Thursday, October 18, 2012
In a divided opinion issued today, the Second Circuit in Windsor v. United States, affirmed the district judge's conclusion that the defense of Marriage Act (DOMA) section 3 is unconstitutional. Recall that the United States position is being defended by BLAG, Bipartisan Leadership Advisory Group, reportedly at a cost to taxpayers of 1.5 million dollars.
Second Circuit Chief Judge Dennis Jacobs wrote the majority opinion that Judge Droney joined. The panel held that Windsor had standing, that the suit was not foreclosed by the Court's 1971 summary dismissal in Baker v. Nelson, that DOMA was subject to intermediate scrutiny and that DOMA failed intermediate scrutiny, as well as that there was no need to certify any questions to New York's highest court.
The Second Circuit rejected the district judge's finding that the appropriate level of scrutiny was rational basis, holding that intermediate scrutiny is correct under the basic Carolene Products factors as articulated in Cleburne. The panel stated:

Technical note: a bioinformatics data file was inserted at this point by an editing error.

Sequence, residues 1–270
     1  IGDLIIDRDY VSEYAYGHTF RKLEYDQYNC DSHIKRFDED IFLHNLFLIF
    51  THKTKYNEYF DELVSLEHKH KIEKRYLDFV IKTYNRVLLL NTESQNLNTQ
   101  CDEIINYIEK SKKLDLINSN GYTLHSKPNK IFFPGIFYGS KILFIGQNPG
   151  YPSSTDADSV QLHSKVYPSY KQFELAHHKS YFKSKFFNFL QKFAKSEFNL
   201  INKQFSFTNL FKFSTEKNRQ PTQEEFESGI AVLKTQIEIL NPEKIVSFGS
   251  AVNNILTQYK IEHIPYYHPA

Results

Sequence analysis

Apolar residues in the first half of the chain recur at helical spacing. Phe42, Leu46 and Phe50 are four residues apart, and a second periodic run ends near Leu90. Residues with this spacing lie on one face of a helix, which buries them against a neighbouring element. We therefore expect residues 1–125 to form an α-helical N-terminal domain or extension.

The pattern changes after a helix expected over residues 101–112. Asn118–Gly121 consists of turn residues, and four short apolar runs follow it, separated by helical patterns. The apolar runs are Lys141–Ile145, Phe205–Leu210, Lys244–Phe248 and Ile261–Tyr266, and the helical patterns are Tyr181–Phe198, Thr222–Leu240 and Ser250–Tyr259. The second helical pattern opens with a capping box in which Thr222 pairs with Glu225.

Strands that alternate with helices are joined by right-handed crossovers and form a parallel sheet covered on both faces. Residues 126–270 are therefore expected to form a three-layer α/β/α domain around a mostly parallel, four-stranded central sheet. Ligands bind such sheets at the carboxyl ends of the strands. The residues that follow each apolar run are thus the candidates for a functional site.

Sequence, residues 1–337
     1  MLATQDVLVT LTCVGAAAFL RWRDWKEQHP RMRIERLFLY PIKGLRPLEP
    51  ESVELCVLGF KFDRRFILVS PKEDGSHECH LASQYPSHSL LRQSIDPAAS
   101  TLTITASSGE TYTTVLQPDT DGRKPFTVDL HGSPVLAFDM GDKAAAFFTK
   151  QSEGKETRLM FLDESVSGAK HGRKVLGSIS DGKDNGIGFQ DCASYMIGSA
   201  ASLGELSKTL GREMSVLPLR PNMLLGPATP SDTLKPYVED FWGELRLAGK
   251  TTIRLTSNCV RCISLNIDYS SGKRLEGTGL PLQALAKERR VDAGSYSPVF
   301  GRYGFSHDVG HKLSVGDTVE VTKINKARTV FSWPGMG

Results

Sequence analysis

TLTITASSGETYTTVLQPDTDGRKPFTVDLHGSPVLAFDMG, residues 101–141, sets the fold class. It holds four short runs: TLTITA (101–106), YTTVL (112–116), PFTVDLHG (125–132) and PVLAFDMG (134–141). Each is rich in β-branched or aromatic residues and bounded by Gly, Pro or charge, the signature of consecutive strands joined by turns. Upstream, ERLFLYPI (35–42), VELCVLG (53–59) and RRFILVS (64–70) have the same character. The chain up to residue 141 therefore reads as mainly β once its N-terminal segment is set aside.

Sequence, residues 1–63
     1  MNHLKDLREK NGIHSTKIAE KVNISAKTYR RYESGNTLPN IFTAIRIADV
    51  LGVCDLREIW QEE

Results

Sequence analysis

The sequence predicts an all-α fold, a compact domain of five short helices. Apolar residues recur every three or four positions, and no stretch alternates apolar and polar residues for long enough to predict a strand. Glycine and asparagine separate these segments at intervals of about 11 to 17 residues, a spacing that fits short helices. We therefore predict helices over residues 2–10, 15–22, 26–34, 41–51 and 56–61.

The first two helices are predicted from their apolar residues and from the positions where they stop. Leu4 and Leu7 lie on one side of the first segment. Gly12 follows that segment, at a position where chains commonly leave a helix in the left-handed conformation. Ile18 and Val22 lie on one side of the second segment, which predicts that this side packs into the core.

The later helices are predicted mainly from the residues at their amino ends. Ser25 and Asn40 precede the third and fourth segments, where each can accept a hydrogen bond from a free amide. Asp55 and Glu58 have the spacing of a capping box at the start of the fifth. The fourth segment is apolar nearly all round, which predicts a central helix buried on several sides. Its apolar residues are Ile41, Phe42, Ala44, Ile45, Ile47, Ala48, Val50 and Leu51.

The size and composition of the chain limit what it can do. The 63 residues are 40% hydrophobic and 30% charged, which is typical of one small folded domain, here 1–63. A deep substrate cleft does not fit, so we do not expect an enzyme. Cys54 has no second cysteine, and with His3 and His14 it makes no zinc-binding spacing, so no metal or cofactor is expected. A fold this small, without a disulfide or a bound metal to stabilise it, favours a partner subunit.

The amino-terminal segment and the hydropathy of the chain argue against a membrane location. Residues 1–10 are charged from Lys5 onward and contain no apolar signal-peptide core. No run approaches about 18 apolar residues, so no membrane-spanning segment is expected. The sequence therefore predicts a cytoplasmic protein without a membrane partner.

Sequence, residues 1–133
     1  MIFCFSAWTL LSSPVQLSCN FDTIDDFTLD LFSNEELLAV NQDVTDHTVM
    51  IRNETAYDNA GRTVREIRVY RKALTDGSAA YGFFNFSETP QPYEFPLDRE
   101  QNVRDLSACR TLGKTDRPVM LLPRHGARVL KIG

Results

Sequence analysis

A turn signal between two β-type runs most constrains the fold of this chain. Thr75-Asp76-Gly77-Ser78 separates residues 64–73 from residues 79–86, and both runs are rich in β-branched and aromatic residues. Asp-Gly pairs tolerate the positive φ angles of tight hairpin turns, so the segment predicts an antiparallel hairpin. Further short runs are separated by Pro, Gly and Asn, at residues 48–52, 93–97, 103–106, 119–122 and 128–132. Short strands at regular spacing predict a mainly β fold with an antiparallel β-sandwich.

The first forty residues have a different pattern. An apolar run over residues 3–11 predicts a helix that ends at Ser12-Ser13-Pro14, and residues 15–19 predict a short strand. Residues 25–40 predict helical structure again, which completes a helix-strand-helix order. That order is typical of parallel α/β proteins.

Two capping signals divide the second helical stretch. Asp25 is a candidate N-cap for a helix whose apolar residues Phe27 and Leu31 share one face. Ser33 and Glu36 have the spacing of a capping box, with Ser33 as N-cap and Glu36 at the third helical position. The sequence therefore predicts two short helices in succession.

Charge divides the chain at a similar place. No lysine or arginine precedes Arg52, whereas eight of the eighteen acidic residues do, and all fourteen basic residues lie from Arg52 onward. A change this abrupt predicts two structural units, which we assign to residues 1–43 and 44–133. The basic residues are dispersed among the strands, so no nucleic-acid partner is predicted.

In this case, all four factors justify heightened scrutiny:
A) homosexuals as a group have historically endured persecution and discrimination; B) homosexuality has no relation to aptitude or ability to contribute to society; C) homosexuals are a discernible group with non-obvious distinguishing characteristics, especially in the subset of those who enter same-sex marriages; and D) the class remains a politically weakened minority.
The panel then applied the classic articulation of intermediate scrutiny, requiring that the "classification must be substantially related to an important government interest." The panel analyzed BLAG's stated interests - - -the “unique federal interests ” (which include maintaining a consistent federal definition of marriage, protecting the fisc, and avoiding “the unknown consequences of a novel redefinition of a foundational social institution”) and the encouragement of “responsible procreation” - - - noting that at oral argument "BLAG’s counsel all but conceded that these reasons for enacting DOMA may not withstand intermediate scrutiny." The panel, however, does evaluate the interests, concluding they are not being substantially served by DOMA.
Dissenting Judge Straub, in a lengthy opinion, contends that DOMA merits only rational basis scrutiny and that it satisfies this low standard.